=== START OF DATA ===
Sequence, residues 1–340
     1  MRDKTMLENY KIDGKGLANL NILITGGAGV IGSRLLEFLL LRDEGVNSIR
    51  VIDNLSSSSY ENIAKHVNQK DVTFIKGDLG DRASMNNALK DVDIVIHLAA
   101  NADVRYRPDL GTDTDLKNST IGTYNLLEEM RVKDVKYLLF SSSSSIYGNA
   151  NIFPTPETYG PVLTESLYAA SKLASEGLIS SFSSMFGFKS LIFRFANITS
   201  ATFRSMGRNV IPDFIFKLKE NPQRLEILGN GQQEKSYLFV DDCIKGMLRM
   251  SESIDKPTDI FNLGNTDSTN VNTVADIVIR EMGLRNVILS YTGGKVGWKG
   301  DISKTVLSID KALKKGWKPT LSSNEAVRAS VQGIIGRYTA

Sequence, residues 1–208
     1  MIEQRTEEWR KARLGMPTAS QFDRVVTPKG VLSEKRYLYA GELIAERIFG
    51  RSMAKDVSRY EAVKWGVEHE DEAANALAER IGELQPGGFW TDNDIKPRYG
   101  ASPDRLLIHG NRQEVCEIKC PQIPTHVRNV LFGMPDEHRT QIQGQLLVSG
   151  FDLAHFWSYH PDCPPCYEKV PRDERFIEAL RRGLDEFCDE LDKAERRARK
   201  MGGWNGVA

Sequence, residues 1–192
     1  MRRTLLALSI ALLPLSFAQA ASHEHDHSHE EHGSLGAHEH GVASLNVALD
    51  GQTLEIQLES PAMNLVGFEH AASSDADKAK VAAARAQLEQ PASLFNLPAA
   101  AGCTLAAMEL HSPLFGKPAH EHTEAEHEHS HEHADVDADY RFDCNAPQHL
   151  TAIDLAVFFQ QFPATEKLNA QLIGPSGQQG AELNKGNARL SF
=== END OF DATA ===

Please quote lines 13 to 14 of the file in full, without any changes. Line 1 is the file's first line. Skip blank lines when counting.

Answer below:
   151  FDLAHFWSYH PDCPPCYEKV PRDERFIEAL RRGLDEFCDE LDKAERRARK
   201  MGGWNGVA